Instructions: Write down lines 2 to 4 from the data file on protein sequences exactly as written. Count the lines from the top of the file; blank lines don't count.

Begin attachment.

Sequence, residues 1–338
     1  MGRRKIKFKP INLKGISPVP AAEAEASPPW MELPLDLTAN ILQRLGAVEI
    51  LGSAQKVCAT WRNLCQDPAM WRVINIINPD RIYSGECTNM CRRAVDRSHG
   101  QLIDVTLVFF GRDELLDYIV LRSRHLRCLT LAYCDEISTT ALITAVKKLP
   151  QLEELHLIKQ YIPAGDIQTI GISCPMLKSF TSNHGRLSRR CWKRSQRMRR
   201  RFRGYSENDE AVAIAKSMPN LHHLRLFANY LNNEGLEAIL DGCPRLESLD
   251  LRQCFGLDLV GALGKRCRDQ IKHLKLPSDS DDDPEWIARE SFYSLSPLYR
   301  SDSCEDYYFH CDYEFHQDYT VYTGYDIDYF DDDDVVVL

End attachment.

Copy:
     1  MGRRKIKFKP INLKGISPVP AAEAEASPPW MELPLDLTAN ILQRLGAVEI
    51  LGSAQKVCAT WRNLCQDPAM WRVINIINPD RIYSGECTNM CRRAVDRSHG
   101  QLIDVTLVFF GRDELLDYIV LRSRHLRCLT LAYCDEISTT ALITAVKKLP